October 8, 2009
We are decades into the Education Standards Movement. Standards have been all the rage for quite some time, and they are getting all kinds of attention today. Right now, there is all kinds of work on national standards going on.
But I say, “Feh!” Standards do not matter — particularly national standards — even if we dearly want them to.
What Are Standards, Anyway?
Standards prescribe and specify what should be done in school. In that, they are similar to curricula and lesson plans. In fact, the line between standards and curricula can be hard to distinguish — as can the line between curricula and lesson plans. As a rule, however, standards are the least specific of the three, and focus on what should be taught, rather than how it should be taught.
So, standards documents describe the goals of a course or a subject. They are the bar or the target, depending on your preferred metaphor. They declare what should be taught, what students should learn and/or what they should be able to do by their course’s end.
When I was teaching in New York not that long ago, each of the English teachers in my school was required to have a poster of the ELA standards up in their classrooms. The contents were probably just a couple of pages long, and they specified what students should learn in their high school English classes.
The widely publicized Common Core draft ELA standards, released last month, can be found in a 47 page document, of which six pages comprise the standards and the rest are explanations and examples to help the reader make sense of them.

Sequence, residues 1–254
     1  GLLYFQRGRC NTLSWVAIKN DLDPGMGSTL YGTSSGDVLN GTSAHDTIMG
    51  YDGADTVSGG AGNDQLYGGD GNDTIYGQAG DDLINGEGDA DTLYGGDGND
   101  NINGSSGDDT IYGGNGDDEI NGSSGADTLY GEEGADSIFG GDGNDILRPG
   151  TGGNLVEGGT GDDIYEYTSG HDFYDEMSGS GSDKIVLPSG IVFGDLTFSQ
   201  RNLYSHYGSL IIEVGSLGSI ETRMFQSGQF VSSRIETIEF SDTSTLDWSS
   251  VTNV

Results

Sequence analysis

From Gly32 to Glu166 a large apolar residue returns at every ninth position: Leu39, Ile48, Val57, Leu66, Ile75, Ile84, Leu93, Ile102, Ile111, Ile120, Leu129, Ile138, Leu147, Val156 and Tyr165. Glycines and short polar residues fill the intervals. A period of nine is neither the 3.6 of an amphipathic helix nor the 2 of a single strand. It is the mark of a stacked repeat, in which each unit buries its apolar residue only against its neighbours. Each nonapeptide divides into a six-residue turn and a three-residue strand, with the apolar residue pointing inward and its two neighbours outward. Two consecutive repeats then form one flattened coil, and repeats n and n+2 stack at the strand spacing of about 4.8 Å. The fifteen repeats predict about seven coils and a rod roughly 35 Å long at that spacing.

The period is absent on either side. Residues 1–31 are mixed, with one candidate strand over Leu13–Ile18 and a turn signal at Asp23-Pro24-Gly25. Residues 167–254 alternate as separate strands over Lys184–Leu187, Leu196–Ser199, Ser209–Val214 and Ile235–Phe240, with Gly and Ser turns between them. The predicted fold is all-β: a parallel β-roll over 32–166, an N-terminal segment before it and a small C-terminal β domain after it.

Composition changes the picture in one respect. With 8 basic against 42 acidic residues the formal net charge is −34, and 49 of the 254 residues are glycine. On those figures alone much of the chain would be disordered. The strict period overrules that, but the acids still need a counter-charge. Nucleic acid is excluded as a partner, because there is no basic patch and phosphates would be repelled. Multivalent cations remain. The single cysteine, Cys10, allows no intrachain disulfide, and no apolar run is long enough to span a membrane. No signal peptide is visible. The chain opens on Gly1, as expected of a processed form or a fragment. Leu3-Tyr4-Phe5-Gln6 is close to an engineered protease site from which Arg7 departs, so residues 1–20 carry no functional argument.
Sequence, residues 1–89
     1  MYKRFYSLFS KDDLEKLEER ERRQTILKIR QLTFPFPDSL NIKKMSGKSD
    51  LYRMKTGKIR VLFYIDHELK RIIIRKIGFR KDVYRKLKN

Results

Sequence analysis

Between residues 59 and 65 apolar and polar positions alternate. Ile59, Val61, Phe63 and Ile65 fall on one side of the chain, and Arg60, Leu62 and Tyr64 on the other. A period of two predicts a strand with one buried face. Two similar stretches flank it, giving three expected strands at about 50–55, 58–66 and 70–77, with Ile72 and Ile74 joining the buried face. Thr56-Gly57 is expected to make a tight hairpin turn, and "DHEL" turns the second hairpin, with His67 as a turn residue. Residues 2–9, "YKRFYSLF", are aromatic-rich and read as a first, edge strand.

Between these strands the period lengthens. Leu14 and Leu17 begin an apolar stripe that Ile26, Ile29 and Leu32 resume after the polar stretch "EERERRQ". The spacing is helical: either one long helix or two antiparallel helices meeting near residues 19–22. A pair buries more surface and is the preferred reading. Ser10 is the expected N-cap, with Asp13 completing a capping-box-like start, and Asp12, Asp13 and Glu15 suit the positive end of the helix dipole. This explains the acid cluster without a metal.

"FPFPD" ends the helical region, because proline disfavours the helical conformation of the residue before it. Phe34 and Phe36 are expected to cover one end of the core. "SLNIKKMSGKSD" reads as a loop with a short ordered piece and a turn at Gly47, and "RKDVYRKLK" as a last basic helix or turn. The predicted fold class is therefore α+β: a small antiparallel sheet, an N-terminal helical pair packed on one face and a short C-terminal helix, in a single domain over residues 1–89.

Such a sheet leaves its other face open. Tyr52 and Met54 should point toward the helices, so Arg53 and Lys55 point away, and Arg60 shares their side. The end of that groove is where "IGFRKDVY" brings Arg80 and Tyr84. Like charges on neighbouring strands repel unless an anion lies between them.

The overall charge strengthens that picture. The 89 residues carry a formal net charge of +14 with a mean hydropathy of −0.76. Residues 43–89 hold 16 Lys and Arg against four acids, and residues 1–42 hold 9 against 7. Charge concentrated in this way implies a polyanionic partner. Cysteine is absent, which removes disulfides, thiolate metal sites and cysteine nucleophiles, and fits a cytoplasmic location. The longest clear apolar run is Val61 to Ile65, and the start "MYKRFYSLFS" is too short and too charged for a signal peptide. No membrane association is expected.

Who Creates Standards
Anyone may write standards, and can try to publicize them and get others to pay attention. Rarely, however, will such efforts be successful. Standards simply cannot have more power and authority than the organization that publishes them. NCTM (the National Council of Teachers of Mathematics) has been publishing standards for decades, and their expertise and credibility have given them a lot of weight.
However, the most important standards have been created by the states. In our system, the federal government has no constitutional role in education, in theory leaving the entire enterprise to the states. In the last fifty years, though the federal role has grown, standards have still remained the province of the states. In 1994, President Clinton tried to foster the creation of voluntary national standards, but was politically unable to do so — due to the efforts of Lynne Cheney and others. This time around, the Council of Chief State School Officers is leading the effort, along with Achieve — a creation of the National Governors Association. Thus, this time we have a national effort that is not tied to the federal government in Washington, DC.
Of course, it is not as though President Clinton, Governor Schwarzenegger or any of the State Superintendents write standards themselves. Rather, they are supporting the creation of standards by teams and committees of experts. These can include text book writers and publishers, teachers, researchers, professors of education, experts in the appropriate content areas and various others. Real people, with real expertise, real agendas — for better and for worse — and real histories.
Over the next week, I will explain the major problems I see with standards efforts, particularly high profile national standards.
- Problem #1: Which Bar to Raise?
- Problem #2: An Unrealistic Bar
- Problem #3: Fear of Failure Rates
- Problem #4: Classrooms
- Problem #5: Tests Matter; Standards Do Not
- Problem #6: Local Control
- Standards: Why Does Anyone Bother?
Come back through the week and share what you think of each reason. In the meanwhile, do you think that there’s a strong case to be made for strong state or national standards?